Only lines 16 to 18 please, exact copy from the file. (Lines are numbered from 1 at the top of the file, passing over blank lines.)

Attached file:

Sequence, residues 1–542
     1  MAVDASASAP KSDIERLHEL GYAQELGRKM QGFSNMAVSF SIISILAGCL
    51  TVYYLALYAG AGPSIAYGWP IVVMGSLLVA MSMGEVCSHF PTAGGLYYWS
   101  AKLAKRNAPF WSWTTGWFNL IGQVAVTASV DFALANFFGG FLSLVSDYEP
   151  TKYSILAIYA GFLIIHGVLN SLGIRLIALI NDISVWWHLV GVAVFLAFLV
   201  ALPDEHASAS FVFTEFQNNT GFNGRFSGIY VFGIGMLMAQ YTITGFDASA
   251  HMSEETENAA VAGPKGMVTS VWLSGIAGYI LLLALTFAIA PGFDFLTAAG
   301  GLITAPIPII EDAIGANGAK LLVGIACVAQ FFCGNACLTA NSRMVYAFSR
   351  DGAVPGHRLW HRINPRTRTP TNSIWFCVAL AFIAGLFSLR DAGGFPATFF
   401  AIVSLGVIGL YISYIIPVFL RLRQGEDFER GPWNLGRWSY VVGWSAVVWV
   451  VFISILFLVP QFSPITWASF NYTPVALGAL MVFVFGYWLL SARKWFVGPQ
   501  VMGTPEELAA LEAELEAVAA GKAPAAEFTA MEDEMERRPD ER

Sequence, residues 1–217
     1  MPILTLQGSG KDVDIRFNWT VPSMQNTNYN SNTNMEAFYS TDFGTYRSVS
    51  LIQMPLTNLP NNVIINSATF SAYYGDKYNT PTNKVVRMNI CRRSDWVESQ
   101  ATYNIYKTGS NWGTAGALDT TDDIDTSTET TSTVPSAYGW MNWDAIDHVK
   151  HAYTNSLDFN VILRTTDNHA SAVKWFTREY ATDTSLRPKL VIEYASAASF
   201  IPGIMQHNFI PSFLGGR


   101  ATYNIYKTGS NWGTAGALDT TDDIDTSTET TSTVPSAYGW MNWDAIDHVK
   151  HAYTNSLDFN VILRTTDNHA SAVKWFTREY ATDTSLRPKL VIEYASAASF
   201  IPGIMQHNFI PSFLGGR